1. after reading some of ya'lls remarks about your a&p class i was wondering. who had human cadavers in a&p? if you do, what type/size school are you attending?

    i attend a small community college, less than 1,000 students, but had a great a&p instructor. over 15 years ago, he insisted on having cadavers, he told the school they would not have a computer class without computers, so he needed human cadavers.we have 5, it is so great doing lab practicals on real bodies, i just can not imagine trying to learn muscles & arteries etc on cats or whatever is used by some schools.

    he gets a new one every 2-3 years and has a dissection class. it is not required but i think it will be a great class to have. i have to brag on myself here for a minute. i was one of twenty-four accepted into the class. over 75 applied. i am so jazzed.
  2. Visit StudentSandra profile page

    About StudentSandra

    Joined: Nov '01; Posts: 394; Likes: 89
    Full Time Student


  3. by   moni rn
    congratulations on your acceptance into the class!

    no cadavers here. i wish we could have had them. it would have been a great learning experience. you are definitely lucky!
  4. by   BrandyBSN
    We had cadavers for A&P. We are lucky, in that we had A&P lab with med students from the Osteopathic Medical College here. We also did cats, and pigs, then moved on to bodies. It was a wonderful experience.

  5. by   jessjoy
    Congrats! I absolutely loved my A&P1 and 2 classes. We used cadavers in our classes. Our cadavers are 10 YEARS OLD!! They didn't even look human, they looked more like beef jerky. I personally think I learned more from the cats
  6. by   pkmom
    I went to a community college, I wish we would have had cadavers. The pigs were just confusing to me the class couldn't tell what was being stuck, maybe thats just poor labeling, but I did learn a lot from a cat in high school.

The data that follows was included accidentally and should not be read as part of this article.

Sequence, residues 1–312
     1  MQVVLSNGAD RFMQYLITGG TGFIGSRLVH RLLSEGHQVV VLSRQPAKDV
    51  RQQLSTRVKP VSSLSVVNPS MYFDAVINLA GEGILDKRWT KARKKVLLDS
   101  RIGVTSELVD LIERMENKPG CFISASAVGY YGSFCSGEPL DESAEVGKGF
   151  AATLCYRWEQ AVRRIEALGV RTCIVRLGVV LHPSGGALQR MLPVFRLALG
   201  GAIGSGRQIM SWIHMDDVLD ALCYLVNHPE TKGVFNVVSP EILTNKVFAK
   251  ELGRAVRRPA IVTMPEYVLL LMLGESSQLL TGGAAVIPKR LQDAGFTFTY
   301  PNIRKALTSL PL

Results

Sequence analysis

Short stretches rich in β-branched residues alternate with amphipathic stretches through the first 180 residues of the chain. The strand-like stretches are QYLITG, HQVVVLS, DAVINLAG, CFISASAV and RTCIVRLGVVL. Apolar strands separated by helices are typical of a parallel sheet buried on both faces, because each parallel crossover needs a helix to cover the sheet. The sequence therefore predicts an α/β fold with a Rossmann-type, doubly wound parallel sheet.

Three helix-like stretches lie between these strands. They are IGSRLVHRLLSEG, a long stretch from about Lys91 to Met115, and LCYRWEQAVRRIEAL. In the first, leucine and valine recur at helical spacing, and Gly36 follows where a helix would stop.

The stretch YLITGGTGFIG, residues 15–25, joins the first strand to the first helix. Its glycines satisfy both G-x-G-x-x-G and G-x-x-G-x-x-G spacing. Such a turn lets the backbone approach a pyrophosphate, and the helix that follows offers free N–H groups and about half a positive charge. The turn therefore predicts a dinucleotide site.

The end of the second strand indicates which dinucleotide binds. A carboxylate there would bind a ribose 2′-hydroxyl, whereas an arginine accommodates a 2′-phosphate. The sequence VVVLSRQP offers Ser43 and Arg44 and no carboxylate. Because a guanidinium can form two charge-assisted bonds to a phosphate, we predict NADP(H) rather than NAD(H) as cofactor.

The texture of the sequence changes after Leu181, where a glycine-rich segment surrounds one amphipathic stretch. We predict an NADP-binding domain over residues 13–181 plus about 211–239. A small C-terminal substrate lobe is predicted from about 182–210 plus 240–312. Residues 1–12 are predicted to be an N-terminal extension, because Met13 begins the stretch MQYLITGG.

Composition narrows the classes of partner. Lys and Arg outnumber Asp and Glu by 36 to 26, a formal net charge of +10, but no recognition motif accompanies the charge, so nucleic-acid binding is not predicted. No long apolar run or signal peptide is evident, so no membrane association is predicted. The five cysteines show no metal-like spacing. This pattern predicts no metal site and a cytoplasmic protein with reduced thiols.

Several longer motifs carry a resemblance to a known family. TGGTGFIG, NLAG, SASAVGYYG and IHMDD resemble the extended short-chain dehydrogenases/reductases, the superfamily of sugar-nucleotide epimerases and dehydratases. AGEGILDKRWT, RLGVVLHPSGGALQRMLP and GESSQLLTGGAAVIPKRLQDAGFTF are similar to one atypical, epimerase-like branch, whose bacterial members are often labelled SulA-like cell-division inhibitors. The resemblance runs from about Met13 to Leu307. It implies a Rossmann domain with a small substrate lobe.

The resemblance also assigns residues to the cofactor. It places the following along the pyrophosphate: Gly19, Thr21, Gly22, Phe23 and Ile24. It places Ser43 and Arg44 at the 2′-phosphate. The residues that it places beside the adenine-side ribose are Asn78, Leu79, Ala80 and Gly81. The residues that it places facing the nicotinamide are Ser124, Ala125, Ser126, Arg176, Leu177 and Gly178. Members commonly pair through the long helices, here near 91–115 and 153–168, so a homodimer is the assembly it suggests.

7. by   carlalogan
    I also went to a community college and we used cats from the local animal shelter. I think it would have been great to have had real bodies instead!
  8. by   Katnip
    Boy are you cadaver folks lucky. Cats just aren't quite the same, are they.
  9. by   essarge
    10 year old cadavers???? EWWWWWW!!! I guess beauty is in the eyes of the beholder there!! LOL! We didn't have cadavers, just cats. It was still fascinating though!!
  10. by   StudentSandra
    as i said, we had 5 cadavers, the "oldest" 15 years. the instructor is very fastidious about them. we not in use they are kept "moist" and covered. a few of them have seen their better days, but still are very useful.

    with everything in college, the instructor makes or breaks the experience. i feel extremly lucky, i don't think i could have had a better a&p instuctor even if i was at harvard. :d

    can you tell, i just love my instructor!!!
  11. by   USA987
    Hi there,

    We did not use cadavers at all, human or otherwise. Our a&p lab was completely computerized. We dissected via computer animation using the A.D.A.M. computer program. It was definitely interesting, to say the least, but I feel like I was missing out on something....

  12. by   BrandyBSN
    We used ADAM before we moved on to cadavers. I wasn't all that impressed with ADAM. It is not very realistic, however i did use it extensively when studying to remember all of the bones, muscles, and nerves. It made a good study guide, but its not the same as actually "getting your hands in it".

  13. by   Kerrie
    we used cats. We did get to watch an autopsy in clinical that helped. We used the ADAM also. Not bad. One gross thing was we used the same cat for two semesters! Pretty rank smelling by the end of the second semester!

    We also dissected a sheep brain and a cow eyeball.

    I go to a small state school.
  14. by   laurab2jb2
    After reading some of the posts, I guess we were really lucky in our Anatomy class. I took the class at a junior college before transfering to a university, where each semester we had two new cadavers - one female and one male.

    My instructor used to teach third year med students, so I guess he really understood the need to see "the real thing". When we read about the different anatomical structures in our books, they all looked so neat and orderly. Not so in the body! I'm very fortunate to have had the experience!